Grammy board ousts chief

May 01, 2002|By Chuck Philips | Chuck Philips,SPECIAL TO THE SUN

It was a quiet, little-known record producer from Nashville, Tenn., who united the Grammy board to oust powerful chief C. Michael Greene.

Grammy chairman Garth Fundis had been among Greene's strongest supporters until this month, when he decided to call an emergency board meeting to address sexual harassment allegations against the embattled Grammy president.

The behind-the-scenes battle ended Saturday when Greene resigned with an $8 million severance buyout approved by 38 trustees who had flown in from 12 chapters across the nation to attend the unprecedented meeting.

Fundis released a statement Sunday saying that an independent investigation had cleared Greene of any wrongdoing - but didn't say why Greene was stepping down.

There are many questions surrounding Greene's departure from the National Academy of Recording Arts and Sciences, but probably the biggest is how Fundis was able to pull off the coup.

Greene was well known throughout the industry for his autocratic style, which had never been challenged in his 14 years on the job. Critics usually quit or were forced out, Grammy sources said.

"Garth deserves a medal for this," said Spectacor Group head Adam Sandler, a former vice president at the Grammy organization. "He went into that life-sucking vortex of the old academy and stood up and did the right thing - and emerged with his reputation and his soul intact."

When Greene took over in the mid-1980s, the organization had 14 employees, 3,500 members and $4.9 million in assets. It now has about 120 staffers, 17,000 members and more than $50 million in assets.

But, in addition to harassment allegations, Greene was dogged by investigations into whether charity funds raised by the Recording Academy were used properly and complaints that he was too temperamental.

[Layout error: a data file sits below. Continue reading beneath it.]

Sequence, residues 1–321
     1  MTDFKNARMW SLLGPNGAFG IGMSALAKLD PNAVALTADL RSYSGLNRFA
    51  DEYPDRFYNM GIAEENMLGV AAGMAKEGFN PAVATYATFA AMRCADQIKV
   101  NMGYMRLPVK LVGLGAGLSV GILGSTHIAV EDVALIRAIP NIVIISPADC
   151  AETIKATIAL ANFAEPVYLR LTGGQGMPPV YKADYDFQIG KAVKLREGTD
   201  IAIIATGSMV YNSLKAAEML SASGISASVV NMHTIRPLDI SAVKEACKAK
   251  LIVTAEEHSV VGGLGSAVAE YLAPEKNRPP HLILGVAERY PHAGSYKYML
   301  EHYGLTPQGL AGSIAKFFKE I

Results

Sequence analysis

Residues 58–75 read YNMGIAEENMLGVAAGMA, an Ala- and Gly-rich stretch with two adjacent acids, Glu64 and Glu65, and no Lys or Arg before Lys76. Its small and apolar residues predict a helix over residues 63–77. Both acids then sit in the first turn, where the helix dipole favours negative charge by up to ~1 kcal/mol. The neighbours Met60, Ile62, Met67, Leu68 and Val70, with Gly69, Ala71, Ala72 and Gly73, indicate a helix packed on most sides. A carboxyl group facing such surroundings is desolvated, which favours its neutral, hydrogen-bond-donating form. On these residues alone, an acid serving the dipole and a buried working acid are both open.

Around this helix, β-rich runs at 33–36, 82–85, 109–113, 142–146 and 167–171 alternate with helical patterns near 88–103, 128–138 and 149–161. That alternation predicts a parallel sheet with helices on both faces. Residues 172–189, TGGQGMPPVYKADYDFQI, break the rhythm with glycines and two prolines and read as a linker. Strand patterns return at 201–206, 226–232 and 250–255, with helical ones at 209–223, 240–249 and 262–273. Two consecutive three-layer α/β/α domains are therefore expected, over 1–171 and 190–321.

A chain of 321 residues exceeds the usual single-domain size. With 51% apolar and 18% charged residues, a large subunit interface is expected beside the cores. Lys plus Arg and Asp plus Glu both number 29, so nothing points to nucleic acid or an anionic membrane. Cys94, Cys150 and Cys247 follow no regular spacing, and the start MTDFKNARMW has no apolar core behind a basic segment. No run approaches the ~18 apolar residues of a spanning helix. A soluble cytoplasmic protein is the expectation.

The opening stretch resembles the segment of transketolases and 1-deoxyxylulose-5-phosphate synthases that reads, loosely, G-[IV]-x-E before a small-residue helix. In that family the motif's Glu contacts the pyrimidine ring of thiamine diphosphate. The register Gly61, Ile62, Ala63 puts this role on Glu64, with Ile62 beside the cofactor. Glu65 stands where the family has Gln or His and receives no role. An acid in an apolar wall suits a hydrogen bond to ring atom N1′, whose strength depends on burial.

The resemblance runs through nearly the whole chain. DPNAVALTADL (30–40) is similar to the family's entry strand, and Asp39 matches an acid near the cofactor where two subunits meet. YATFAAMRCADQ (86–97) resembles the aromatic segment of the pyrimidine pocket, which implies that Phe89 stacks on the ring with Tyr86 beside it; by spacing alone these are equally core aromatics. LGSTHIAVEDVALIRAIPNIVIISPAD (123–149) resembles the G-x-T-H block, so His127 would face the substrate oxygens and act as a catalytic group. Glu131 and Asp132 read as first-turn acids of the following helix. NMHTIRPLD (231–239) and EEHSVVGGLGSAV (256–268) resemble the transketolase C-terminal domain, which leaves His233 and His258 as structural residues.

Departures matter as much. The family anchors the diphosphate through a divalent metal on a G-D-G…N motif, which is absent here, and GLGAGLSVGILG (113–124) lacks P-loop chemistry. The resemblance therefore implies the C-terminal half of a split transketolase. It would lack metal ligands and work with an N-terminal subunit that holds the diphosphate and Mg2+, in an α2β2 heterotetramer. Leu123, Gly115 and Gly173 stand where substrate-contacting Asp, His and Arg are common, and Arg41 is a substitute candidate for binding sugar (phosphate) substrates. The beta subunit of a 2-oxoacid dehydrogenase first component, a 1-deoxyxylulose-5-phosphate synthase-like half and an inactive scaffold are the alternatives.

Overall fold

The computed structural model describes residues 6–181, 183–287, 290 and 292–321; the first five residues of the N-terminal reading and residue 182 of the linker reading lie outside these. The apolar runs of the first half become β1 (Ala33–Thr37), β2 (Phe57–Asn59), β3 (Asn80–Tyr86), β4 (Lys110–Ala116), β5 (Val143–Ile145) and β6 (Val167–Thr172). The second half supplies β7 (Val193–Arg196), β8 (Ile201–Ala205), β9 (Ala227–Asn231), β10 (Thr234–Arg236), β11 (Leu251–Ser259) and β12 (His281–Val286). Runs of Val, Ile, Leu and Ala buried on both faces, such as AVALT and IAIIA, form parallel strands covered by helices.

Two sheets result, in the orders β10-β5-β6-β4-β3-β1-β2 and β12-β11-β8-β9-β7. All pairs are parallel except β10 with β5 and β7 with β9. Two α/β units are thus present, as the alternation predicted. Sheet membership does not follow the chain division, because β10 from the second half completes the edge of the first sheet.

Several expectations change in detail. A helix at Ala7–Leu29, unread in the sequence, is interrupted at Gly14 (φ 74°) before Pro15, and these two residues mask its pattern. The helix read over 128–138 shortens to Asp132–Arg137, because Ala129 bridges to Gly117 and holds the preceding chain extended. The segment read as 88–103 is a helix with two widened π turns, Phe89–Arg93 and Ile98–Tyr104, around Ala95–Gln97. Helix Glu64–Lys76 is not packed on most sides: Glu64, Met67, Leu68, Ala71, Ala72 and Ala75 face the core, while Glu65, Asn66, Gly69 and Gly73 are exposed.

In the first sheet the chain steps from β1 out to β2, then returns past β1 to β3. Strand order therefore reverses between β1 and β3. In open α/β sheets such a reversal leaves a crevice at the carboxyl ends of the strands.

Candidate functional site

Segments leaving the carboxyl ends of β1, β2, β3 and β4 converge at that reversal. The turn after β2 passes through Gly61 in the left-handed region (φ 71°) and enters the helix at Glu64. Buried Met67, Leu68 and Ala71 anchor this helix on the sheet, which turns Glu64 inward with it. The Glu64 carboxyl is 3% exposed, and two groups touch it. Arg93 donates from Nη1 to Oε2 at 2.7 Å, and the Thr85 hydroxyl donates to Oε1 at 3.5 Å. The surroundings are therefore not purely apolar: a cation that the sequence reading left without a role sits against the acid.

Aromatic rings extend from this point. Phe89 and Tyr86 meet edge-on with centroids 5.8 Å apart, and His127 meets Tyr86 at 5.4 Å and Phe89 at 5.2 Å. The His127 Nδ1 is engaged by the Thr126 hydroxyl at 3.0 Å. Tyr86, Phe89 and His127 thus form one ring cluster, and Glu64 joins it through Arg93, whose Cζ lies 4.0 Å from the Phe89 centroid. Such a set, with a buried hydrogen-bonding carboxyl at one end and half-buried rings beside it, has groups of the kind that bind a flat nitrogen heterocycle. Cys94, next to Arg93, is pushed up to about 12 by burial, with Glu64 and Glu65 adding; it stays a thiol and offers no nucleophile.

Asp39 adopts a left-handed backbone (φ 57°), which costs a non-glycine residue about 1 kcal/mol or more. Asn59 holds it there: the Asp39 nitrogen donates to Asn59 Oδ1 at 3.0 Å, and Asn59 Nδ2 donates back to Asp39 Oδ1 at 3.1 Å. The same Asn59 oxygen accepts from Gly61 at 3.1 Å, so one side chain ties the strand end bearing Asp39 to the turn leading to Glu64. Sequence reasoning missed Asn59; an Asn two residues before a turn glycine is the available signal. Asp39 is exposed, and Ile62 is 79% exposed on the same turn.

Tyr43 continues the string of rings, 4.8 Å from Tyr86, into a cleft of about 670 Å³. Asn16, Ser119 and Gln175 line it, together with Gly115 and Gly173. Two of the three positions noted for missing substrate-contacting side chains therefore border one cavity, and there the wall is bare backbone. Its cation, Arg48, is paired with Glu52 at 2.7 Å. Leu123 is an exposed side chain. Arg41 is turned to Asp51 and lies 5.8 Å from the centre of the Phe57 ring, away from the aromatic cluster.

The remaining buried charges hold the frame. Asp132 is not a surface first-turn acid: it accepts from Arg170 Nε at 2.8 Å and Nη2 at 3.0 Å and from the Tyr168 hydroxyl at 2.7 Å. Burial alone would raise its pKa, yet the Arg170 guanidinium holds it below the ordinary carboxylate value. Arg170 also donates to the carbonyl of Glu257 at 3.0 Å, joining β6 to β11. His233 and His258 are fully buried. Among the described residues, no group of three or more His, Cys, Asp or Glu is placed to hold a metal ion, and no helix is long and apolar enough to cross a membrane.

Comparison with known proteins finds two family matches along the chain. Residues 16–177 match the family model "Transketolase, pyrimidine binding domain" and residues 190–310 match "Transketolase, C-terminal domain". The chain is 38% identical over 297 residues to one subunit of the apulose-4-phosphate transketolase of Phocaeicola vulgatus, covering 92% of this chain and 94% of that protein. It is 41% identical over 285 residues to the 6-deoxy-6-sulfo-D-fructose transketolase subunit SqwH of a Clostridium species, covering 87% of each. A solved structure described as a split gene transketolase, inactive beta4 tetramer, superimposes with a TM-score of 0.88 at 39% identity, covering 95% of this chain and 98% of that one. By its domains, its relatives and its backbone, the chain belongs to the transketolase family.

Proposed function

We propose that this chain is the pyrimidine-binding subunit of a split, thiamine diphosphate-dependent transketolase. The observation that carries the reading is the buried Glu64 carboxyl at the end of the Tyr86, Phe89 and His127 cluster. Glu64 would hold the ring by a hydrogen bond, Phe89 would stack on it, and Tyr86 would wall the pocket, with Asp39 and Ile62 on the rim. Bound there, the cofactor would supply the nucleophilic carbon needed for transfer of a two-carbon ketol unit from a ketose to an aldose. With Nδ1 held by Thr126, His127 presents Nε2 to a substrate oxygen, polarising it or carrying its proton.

Fundis, a volunteer at the nonprofit group, declined to comment. Friends and associates describe him as a shy, private man, a music lover who took on the Grammy chairmanship with the hope that he might be able to help the artistic community. His small studio in Nashville has produced records for country stars Don Williams, Trisha Yearwood and Alabama.

Harassment allegations

On July 25, Fundis received a letter from attorney Gloria Allred putting the academy on notice that she was about to file a sexual harassment lawsuit against it on behalf of Jill Marie Geimer, a Grammy executive who ran the academy's human resources department.

Greene denied the allegations, and the academy attempted to resolve the matter quietly. By November, however, Fundis advised the board to pay Geimer $650,000. That followed a settlement conference at which Geimer's attorneys said two other female executives claimed Greene harassed and forced them out of the organization during the mid-1990s. Fundis also advised the board to hire a private investigator to look into harassment allegations involving Greene. The investigator's report was delivered several weeks ago to an advisory committee run by Fundis.

Grammy sources say Fundis then notified Greene that he intended to fly in the board for an emergency trustee meeting on Saturday to address the report's findings. Greene's lawyers warned the academy he might sue if those findings became public.

A fresh start

The academy will likely seek a replacement who is more diplomatic and willing to share power with trustees.

"[Greene] ran the Grammys like a one-man band, wielding power over a Hollywood award like no one other person in showbiz history," said Tom O'Neil, author of The Grammys, an unofficial guide to the music show. "Today, that's rare in an industry run by committee."

Chuck Philips is a reporter for the Los Angeles Times, a Tribune Publishing newspaper. The Associated Press contributed to this article.

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